the total cross-border payment flow is currently growing by around 5% (CAGR) a year and is predicted to exceed $156 trillion by 2022.
But while customers are already being offered simple payment solutions for purchasing products from across the globe,
many SMEs are still struggling with foreign payments. They’ve been described as ‘the squeezed middle’ when it comes to forex. This is because there’s still no global payments provision for SME clients, which means that they are forced to use the often unaffordable
solutions designed for enterprises.
The long list of regulations prevents companies from accessing services such as underwriting or invoice financing. In practice, this means that SME owners face hurdles when they try to raise working capital and keep operations running.
Luckily, new solutions are emerging, including BaaS platforms offering foreign currency services, such as
Curve, Stripe and Airwallex. 2022 is likely to see a rise in the usage of these platforms, as well as an emergence of new players on the market.
4. Traditional financial institutions exploring crypto and NFTs
While many financial analysts focus on how blockchain technology can disrupt banking, it is worth taking note that a number of banks are actually jumping on the blockchain bandwagon, largely due to the extreme yields that it offers in comparison to traditional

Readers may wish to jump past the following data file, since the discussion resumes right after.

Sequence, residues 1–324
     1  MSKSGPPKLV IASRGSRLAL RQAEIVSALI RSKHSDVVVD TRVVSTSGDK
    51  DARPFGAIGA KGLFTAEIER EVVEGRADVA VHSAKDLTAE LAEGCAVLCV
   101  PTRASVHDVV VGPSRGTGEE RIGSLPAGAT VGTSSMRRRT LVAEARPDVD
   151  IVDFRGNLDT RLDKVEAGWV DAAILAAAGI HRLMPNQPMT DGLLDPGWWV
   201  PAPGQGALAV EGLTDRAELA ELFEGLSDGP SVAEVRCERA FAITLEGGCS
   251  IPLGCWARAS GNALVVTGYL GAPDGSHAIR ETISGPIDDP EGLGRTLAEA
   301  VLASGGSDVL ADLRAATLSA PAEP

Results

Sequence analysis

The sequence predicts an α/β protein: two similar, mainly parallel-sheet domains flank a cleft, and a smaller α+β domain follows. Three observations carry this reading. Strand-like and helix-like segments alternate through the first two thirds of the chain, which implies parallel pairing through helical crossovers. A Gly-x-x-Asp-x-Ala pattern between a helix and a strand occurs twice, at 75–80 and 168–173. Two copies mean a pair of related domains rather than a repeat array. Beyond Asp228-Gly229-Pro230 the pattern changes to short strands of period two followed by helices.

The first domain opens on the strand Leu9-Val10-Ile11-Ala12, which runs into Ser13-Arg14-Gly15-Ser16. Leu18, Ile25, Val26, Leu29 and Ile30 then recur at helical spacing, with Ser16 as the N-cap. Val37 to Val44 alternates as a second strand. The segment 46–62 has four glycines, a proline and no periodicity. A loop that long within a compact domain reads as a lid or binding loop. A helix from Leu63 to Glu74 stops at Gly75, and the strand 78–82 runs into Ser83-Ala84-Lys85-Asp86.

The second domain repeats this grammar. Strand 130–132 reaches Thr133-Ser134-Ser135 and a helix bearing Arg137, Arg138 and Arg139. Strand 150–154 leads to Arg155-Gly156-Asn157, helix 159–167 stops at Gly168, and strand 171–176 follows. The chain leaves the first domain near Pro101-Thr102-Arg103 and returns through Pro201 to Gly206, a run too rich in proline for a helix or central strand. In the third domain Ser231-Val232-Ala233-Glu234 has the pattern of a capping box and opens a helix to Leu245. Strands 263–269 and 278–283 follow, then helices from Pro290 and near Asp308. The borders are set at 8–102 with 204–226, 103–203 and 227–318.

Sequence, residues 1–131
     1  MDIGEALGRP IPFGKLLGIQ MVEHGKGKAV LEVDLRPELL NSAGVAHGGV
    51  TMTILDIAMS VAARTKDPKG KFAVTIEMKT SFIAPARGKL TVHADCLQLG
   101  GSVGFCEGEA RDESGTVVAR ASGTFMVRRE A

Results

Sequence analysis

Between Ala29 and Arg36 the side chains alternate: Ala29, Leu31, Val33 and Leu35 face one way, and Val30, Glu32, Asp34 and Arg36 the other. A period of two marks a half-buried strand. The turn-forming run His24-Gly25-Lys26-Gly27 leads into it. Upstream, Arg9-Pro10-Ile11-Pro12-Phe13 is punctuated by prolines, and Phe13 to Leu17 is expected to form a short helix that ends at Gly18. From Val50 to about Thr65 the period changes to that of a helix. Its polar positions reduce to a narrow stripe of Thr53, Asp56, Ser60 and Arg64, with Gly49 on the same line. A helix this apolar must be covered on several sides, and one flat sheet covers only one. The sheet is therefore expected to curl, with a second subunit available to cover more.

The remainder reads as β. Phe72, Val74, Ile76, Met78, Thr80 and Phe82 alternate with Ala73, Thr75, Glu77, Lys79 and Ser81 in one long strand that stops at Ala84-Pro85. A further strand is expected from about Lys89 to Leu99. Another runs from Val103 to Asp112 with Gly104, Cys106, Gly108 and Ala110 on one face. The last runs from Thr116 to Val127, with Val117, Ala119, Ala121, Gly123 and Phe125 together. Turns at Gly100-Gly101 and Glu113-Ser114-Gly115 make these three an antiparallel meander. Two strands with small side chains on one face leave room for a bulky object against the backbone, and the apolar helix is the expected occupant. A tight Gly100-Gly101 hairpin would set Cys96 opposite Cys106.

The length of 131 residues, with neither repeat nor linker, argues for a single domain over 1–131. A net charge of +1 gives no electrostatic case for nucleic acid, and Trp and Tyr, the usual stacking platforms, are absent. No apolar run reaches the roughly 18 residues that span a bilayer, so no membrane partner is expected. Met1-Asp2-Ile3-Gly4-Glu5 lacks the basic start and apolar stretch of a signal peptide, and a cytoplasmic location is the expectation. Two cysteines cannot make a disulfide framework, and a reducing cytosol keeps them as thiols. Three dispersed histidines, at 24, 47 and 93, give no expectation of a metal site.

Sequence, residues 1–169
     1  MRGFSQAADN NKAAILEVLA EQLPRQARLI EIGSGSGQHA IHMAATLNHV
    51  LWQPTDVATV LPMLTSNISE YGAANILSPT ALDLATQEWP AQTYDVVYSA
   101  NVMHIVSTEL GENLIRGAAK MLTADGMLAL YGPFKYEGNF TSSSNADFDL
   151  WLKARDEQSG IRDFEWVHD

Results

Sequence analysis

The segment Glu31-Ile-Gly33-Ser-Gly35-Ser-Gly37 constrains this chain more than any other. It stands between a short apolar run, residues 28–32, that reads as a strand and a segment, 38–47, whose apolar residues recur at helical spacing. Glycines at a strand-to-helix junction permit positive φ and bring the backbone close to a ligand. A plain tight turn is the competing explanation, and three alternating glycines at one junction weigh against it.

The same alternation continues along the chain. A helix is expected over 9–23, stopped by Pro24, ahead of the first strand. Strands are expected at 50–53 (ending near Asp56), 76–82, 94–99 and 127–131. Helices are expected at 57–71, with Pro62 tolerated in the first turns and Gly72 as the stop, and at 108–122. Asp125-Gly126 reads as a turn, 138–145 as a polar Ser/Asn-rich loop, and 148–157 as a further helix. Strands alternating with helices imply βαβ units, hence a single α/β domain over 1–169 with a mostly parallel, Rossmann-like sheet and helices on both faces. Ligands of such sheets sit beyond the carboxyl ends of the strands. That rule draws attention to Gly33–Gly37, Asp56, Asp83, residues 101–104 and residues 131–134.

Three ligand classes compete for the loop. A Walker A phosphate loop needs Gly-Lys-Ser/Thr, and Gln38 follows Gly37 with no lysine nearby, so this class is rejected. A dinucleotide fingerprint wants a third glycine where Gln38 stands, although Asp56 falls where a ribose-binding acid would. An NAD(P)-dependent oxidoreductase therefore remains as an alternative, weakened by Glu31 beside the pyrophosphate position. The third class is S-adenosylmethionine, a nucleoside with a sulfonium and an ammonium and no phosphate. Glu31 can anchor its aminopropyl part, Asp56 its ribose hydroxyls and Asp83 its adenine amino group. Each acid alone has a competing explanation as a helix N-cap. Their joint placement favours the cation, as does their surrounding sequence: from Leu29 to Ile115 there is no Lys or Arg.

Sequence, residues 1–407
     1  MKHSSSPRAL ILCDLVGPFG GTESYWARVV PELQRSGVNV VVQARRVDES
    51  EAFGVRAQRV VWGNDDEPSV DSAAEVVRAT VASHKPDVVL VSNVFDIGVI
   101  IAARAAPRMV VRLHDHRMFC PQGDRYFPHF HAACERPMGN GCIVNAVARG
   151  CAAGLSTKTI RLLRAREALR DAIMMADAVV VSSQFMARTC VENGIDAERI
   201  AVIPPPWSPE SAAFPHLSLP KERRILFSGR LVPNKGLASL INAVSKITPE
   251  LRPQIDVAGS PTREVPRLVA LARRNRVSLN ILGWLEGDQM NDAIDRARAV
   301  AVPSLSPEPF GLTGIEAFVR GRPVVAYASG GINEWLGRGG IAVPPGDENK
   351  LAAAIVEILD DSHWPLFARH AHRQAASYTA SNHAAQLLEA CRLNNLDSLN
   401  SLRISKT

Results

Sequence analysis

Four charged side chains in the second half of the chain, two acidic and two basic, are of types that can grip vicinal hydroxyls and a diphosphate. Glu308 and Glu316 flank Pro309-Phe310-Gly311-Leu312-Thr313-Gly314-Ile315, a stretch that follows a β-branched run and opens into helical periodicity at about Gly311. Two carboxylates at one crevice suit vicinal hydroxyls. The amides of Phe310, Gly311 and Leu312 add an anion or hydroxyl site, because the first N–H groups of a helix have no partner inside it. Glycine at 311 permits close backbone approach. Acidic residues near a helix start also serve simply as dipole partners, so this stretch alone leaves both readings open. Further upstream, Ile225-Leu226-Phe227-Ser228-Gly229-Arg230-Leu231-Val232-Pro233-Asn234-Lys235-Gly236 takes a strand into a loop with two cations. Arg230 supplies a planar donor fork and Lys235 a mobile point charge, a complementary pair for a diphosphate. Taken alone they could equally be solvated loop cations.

channels. But it also has other uses in the sector.
BNP Paribas has
announced it will begin looking at how blockchain technology can be applied to its currency funds and for order processing. At the same time, tech-focused stock exchange NASDAQ OMX Group has revealed that it is
working with blockchains to "reduce the time, costs, and points of friction across the capital markets."
An additional benefit of blockchain is that it provides unbeatable security for both ends of the transaction funnel, particularly when it comes to identity management. It is being used more widely to fight fraud and to manage regulatory and audit issues.
Finally, it’s important to remember the speed of blockchain transactions. The technology can accelerate asset transfers, payments, and even investments, while simultaneously eliminating errors that cause delays and costs.
Given these advantages, it’s easy to see why Blockchain is a trend none of us can afford to ignore.
5. New Platform as a Service (PaaS) solutions
FinTechs are always trying to balance two essential sides of their offer to customers: efficiency and security. With evolving financial regulations in many parts of the world, customer data APIs appear to be a sensible solution. Platform-as-a-service provision
essentially means that banks and FinTechs can adapt to regulatory changes with a customized infrastructure, enabling them to embrace the cloud.
Another promising year for FinTech
There’s no doubt that 2022 will be another year in which we’ll see significant investment and innovation in the industry.